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Cost of Loneliness – Part 1


Loneliness is costly.

The CDC reports that social isolation and loneliness costs the U.S. economy an estimated $406 billion a year. A study by the University of Chicago found that loneliness can be as debilitating as anxiety or depression. High blood pressure, heart disease, obesity, and other conditions are linked to it, increasing the risk of premature death. The disabled, those with poor physical and mental health, single parents, and the financially insecure particularly suffer. Research shows that social isolation is as bad as smoking 15 cigarettes a day or drinking six alcoholic beverages a day. God created us to thrive within a community with in-person socialization.

Loneliness costs communities in economic prosperity, crime, and violence. Children and adolescents pay in lower academic outcomes and their social development. Employers bear the cost of reduced productivity and sick leave. Employees have lower output which threatens their income. Friends and relatives pay by taking time off for caregiving. Scams target our lonely elders. Making and maintaining relationships takes work, but it’s beneficial. Don’t wait for someone to call or invite you somewhere. Reach out first. You may discover that others are just as hungry for friendship as you. Even so, Oswald Chambers said, “The dearest friend on earth is a mere shadow compared to Jesus Christ.”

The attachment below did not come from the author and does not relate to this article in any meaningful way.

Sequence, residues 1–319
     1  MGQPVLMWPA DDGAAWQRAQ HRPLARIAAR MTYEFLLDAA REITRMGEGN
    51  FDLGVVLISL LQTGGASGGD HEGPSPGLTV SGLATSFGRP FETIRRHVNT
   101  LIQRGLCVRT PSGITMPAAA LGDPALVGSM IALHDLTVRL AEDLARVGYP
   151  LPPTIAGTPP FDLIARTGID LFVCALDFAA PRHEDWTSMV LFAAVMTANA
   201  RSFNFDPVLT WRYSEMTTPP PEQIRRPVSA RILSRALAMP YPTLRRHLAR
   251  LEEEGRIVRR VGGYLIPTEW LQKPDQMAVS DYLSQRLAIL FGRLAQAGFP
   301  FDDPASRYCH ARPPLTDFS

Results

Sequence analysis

Come make new friends at Crown’s 2023 Reunion. We plan to gather October 12-15 at Ridgecrest Conference Center near beautiful Asheville, North Carolina. For more details and registration, go to